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BTLT In the News: “Land trust conserves Topsham’s Hideaway Farm property”

“Land trust conserves Topsham’s Hideaway Farm property” – Times Record

On June 30, Brunswick-Topsham Land Trust conserved the Hideaway Farm property on the Cathance River in Topsham.

According to the trust, the property — previously owned by John Sczymecki — is significant because it abuts the conserved Robert Williams Preserve and will add an additional 1,000 feet of shorefront and 18 acres to this connected, conserved landscape.

To make this conservation effort possible, $138,000 was raised by June 30 to acquire and manage the property. The trust met its goal just before the closing deadline.

The town of Topsham, Merrymeeting Bay Trust, Davis Conservation Fund, John Sage Foundation and 70 individual donors supported the conservation effort.

“The Town of Topsham has a long history of working with BTLT to conserve natural resources and recreational opportunities along the Cathance River,” Topsham Parks and Recreation Director Pam Leduc said. “We were very happy to be able to help make the conservation of the Hideaway Farm property possible by contributing funds from our Open Space In lieu fund.

“These monies were generated from impacts on open space due to development and are set aside to be used for conservation and recreation purposes. We see the Hideaway Farm project as a great example of leveraging these dollars to conserve important habitat and create an opportunity for additional recreational trails and public access to the Cathance River.”

Over the course of 30 years, the trust has conserved more than 1,100 acres and 43,000 feet of riverfront along the Cathance River.

According to the land trust, the Hideaway Farm will enhance conservation efforts along the rivers that flow through Brunswick and Topsham into Merrymeeting Bay, including the Cathance River, around which the trust is trying to conserve the largely undeveloped area.

To view the article online, click here.

Hideaway Farm Property Successfully Conserved!

John Sczymecki, BTLT staff and Vice President at Hideaway Farm closing on 6/30/2022

This morning, we closed on the Hideaway Farm property on the Cathance River in Topsham. This property is especially significant because it abuts the previously conserved Robert Williams Preserve and will add an additional 1,000 feet of shore frontage and 18 acres to this connected, conserved landscape. Protecting the undeveloped shoreline of the Cathance River has been a major focus for us for three decades. In that time, we have conserved more than 1,100 acres and 43,000 feet of river frontage. 

When Hideaway Farm landowner, John Sczymecki, was ready to sell this special parcel, his desire was for it to remain undeveloped. We are grateful to Mr. Sczymecki for working with us to ensure that the property will be conserved to protect its special habitat and outdoor recreational values forever.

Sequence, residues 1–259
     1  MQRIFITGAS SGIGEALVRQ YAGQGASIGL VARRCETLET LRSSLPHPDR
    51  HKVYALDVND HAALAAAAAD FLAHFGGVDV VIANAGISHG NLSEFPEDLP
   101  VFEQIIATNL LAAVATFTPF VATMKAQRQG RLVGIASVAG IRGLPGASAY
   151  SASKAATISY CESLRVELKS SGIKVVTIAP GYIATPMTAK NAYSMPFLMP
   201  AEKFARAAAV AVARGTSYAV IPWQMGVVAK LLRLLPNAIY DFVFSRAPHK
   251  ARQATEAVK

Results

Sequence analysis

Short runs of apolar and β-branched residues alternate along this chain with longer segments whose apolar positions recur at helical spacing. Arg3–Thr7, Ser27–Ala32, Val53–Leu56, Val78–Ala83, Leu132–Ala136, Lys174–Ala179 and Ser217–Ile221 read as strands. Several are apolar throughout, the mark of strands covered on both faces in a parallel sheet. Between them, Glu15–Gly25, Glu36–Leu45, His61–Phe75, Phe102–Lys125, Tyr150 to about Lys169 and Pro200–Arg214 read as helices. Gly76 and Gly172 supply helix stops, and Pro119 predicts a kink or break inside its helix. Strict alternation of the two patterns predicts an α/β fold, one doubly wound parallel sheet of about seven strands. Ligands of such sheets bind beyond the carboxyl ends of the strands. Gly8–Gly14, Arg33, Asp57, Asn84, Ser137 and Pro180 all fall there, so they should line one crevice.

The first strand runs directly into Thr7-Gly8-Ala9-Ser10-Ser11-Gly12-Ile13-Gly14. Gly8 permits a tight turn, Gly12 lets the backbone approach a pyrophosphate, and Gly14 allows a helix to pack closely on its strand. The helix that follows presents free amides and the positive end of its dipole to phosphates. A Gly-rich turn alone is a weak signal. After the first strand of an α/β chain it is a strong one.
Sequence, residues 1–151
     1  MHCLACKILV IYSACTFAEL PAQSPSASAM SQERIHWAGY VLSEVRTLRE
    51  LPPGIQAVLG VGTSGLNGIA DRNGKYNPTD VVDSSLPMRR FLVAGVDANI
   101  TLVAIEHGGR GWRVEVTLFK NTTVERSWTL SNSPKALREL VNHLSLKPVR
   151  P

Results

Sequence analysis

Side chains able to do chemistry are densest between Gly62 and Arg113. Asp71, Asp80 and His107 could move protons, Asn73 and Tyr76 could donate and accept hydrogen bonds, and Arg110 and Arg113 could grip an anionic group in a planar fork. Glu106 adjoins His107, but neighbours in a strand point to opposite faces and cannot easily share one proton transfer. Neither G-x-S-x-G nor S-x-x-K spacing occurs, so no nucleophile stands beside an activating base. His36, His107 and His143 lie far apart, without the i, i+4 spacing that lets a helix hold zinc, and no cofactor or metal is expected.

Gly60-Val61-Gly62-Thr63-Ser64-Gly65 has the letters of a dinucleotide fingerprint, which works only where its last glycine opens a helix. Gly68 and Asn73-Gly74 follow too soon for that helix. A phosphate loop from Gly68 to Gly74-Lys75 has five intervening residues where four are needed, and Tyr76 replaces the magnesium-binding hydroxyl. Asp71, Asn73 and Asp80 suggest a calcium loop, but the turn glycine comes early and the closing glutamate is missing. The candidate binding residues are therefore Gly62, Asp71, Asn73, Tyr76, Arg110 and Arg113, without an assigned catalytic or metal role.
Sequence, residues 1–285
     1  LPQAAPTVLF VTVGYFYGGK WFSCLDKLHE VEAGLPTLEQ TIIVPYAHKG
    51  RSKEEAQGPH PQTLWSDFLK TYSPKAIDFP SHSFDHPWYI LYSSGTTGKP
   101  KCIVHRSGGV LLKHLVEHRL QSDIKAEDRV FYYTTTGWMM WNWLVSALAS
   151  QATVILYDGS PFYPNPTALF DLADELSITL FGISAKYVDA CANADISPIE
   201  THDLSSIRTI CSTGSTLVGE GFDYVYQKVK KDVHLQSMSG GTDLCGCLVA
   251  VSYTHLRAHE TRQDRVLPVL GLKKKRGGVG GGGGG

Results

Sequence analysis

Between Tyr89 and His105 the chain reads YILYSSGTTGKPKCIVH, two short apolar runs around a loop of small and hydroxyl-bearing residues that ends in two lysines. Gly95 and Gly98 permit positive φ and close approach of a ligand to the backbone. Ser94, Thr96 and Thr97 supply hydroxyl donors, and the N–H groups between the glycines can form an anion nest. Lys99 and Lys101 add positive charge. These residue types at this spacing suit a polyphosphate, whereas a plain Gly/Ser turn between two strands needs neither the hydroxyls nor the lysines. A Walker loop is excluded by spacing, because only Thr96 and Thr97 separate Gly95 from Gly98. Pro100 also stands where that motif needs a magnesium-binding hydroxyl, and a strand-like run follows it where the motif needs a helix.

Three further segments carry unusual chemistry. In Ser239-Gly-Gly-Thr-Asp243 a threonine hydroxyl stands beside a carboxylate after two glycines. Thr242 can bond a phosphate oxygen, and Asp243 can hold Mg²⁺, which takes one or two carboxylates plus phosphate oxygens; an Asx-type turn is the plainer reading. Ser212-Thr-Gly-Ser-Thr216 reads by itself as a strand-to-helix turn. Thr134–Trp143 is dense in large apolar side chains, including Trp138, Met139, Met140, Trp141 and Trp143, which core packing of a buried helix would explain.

To make this conservation effort possible, $138,000 needed to be raised by June 30 to acquire and manage the property. The community responded enthusiastically, and the goal was met just before the closing deadline. Special thanks go out to the Town of Topsham, Merrymeeting Bay Trust, Davis Conservation Fund, John Sage Foundation, and 70 individual donors whose generous support made the conservation of Hideaway Farm possible.

The Topsham Conservation Commission (TCC) was an important partner in this project. The Land Trust and the Commission work together to conserve lands in Topsham that are identified as priorities in the Town’s Comprehensive and Natural Areas Plans. The TCC worked with Pam Leduc, Topsham’s Director of Parks and Recreation, to facilitate a donation to the project from the Town of Topsham. The Land Trust is incredibly grateful to Town staff and the Select Board for their support.

The Town of Topsham has a long history of working with BTLT to conserve natural resources and recreational opportunities along the Cathance River. We were very happy to be able to help make the conservation of the Hideaway Farm property possible by contributing funds from our Open Space In lieu fund. These monies were generated from impacts on open space due to development and are set aside to be used for conservation and recreation purposes. We see the Hideaway Farm project as a great example of leveraging these dollars to conserve important habitat and create an opportunity for additional recreational trails and public access to the Cathance River,” said Leduc.